This record is a definite testament to the awesomeness of The Reaction’s live show. Unfortunately, you wouldn’t know it unless you had seen The Reaction before hearing this disc. Live, they attack you aurally with a loudness that will drown you in their brand of punk-tinged, druggy indie rock. While a few tracks convey Reaction’s radness, too many seem to fall victim to “advantages” of recording. Live, their instruments seem to form like Voltron or a chimera-like beast. Here, they seem too separate and clean. While not a bad record, it is not what I want from a Reaction recording. –Vincent Battilana (Let’s Pretend, letspretendrecords.com / No Breaks, nobreaksrecords.com)

Hat Creek: 7”
Post-punk weirdness in a Sonic Youth sort of way that has its subdued moments and its jammed out ones can be found on the front side. On the back, you get weirdo dub. Both sides are good, but I’m digging the B-side much more; it’s chilled out and subtly odd, great for making coffee to on an uneventful morning. –Vincent Battilana (Katorga Works)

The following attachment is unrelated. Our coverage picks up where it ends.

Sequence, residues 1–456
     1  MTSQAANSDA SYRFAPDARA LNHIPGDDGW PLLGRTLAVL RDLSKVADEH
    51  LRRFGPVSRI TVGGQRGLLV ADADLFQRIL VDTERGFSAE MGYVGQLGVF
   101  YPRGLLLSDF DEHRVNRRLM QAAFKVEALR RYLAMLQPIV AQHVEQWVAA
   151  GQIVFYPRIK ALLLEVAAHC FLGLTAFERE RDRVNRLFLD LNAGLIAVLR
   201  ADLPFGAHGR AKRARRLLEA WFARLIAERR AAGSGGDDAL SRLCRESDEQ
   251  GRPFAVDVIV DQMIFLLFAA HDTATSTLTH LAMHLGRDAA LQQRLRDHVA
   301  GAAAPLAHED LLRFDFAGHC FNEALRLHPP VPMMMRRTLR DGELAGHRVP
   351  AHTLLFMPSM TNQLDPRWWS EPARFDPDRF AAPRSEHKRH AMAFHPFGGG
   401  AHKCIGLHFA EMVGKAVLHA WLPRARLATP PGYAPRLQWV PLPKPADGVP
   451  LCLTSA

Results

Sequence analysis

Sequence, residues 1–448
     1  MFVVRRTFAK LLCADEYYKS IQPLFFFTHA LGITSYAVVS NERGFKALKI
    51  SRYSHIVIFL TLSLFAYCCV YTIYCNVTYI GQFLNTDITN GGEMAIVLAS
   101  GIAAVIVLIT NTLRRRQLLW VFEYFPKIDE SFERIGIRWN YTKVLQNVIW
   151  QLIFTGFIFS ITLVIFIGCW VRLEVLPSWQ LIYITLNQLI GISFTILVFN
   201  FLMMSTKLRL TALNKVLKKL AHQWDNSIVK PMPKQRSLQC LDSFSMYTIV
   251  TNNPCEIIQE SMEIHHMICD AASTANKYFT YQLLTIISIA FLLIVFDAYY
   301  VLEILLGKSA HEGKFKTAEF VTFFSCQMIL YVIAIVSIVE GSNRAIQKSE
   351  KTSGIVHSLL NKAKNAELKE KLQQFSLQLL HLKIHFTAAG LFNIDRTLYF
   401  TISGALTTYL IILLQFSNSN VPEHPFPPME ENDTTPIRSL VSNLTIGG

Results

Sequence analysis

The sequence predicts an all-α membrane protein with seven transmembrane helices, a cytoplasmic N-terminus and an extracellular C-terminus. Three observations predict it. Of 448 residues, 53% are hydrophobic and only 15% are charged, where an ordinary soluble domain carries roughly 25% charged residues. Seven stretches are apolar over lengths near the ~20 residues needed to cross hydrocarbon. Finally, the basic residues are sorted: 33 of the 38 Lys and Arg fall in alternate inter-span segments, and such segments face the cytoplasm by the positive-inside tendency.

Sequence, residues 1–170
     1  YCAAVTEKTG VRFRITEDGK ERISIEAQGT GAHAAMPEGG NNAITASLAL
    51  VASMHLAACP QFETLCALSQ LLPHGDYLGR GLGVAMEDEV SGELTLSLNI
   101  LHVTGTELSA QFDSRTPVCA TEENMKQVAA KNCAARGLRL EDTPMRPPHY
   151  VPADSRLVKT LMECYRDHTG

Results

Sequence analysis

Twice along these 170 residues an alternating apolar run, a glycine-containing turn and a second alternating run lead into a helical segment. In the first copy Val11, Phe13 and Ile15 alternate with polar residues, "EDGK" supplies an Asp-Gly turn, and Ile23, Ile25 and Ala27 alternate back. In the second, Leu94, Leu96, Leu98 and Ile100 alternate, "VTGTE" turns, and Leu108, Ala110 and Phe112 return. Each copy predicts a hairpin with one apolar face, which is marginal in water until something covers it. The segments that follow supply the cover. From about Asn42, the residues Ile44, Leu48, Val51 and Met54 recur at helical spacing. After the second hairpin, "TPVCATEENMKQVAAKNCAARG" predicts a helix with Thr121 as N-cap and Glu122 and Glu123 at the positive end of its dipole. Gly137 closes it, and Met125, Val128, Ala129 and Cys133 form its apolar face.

Self-titled: CD
Goddamnit. I never think of myself of a person who has guilty pleasures, but I am. I won’t mention all of them, but I’ll ashamedly admit that I have a spot for Saves The Day’s Through Being Cool and The Desaparecidos’ Read Music, Speak Spanish. The reason that I name those two names is that I think that they are relevant to this review. I hear bits of both of those records in this one. Hell, I even hated this CD the first time I heard it, just like the first time that I heard Saves The Day. At first, it sounded like some poppy emo for that nobody over nineteen years of age would give a second play. Upon a more careful listen, JM have some interesting instrumentation and decent lyrics, showing an honest and heartfelt side. You should think about picking this up and hiding it from your friends. –Vincent Battilana (6131)